A white restaurant manager in South Carolina was sentenced to 10 years in prison after pleading guilty in 2018 for enslaving a black worker with an intellectual disability. Bobby Paul Edwards admitted to using violence threats, isolation, and intimidation to force his worker, John Christopher Smith, to work as a cook at a J&J Cafeteria in Conway, South Carolina. Smith reportedly worked more than 100 hours a week without pay between 2009 and 2014.
According to the Justice Department, 54-year-old Edwards pleads guilty in July 2018 to one count of forced labor. The former manager was also ordered to pay Smith nearly $273,000 in restitution by US District Court Judge R. Bryan Harwell.
Assistant Attorney General Eric Dreiband of the Civil Rights Division, stated, “It is almost inconceivable that instances of forced labor in this country to this day, a century and a half after the Emancipation Proclamation.” He also noted the Department of Justice will continue to investigate, prosecute, and convict human traffickers who are involved in forced exploitative labor, in order to seek justice on behalf of their victims.
In this case, court documents describe beatings with a belt slapping, choking, punching with a closed fist, burning with metal tongs used in hot grease, emotional abuse, and the use of racial slurs. In one incident, Edwards allegedly hit Smith with objects including a frying pan, to the point where the man was so weak he needed to be carried back home.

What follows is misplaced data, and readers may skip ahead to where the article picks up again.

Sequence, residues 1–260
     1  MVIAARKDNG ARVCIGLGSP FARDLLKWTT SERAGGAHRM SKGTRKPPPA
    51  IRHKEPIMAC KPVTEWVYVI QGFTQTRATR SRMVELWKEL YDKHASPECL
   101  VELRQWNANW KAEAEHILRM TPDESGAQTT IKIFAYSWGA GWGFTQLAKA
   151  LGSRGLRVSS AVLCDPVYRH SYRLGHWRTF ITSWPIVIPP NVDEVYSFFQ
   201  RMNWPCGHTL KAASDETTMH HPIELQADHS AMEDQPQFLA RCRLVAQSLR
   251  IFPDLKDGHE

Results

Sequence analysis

Smith was previously diagnosed with delayed cognitive development and had worked at the restaurant for years before Edward started in 2008. In the lawsuit against Edwards and the restaurant owner, who is Edward’s brother, Smith said he wasn’t given time off or given any benefits.
U.S. Attorney Sherri A. Lydon for the District of South Carolina stated Edwards earned every day of his sentence for stealing his victims’ freedom and wages. The U.S. attorney’s office won’t tolerate the force of exploitative labor in the state, and they are grateful to watch their citizens and partners in law enforcement put a stop to cruelty and violence.
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Author: Silke Jasso
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